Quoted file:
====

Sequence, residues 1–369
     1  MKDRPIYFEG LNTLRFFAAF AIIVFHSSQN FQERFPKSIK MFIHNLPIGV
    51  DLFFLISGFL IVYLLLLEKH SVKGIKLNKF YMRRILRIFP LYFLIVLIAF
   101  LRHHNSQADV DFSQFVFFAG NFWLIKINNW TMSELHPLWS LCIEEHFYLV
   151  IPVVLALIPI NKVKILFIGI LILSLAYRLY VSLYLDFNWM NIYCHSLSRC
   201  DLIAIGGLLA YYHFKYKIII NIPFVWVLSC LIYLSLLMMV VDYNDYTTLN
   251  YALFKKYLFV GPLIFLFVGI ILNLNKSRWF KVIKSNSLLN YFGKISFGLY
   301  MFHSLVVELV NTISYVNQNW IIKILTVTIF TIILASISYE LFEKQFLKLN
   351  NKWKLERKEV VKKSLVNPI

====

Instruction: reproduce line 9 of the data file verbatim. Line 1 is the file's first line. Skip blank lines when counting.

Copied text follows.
   351  NKWKLERKEV VKKSLVNPI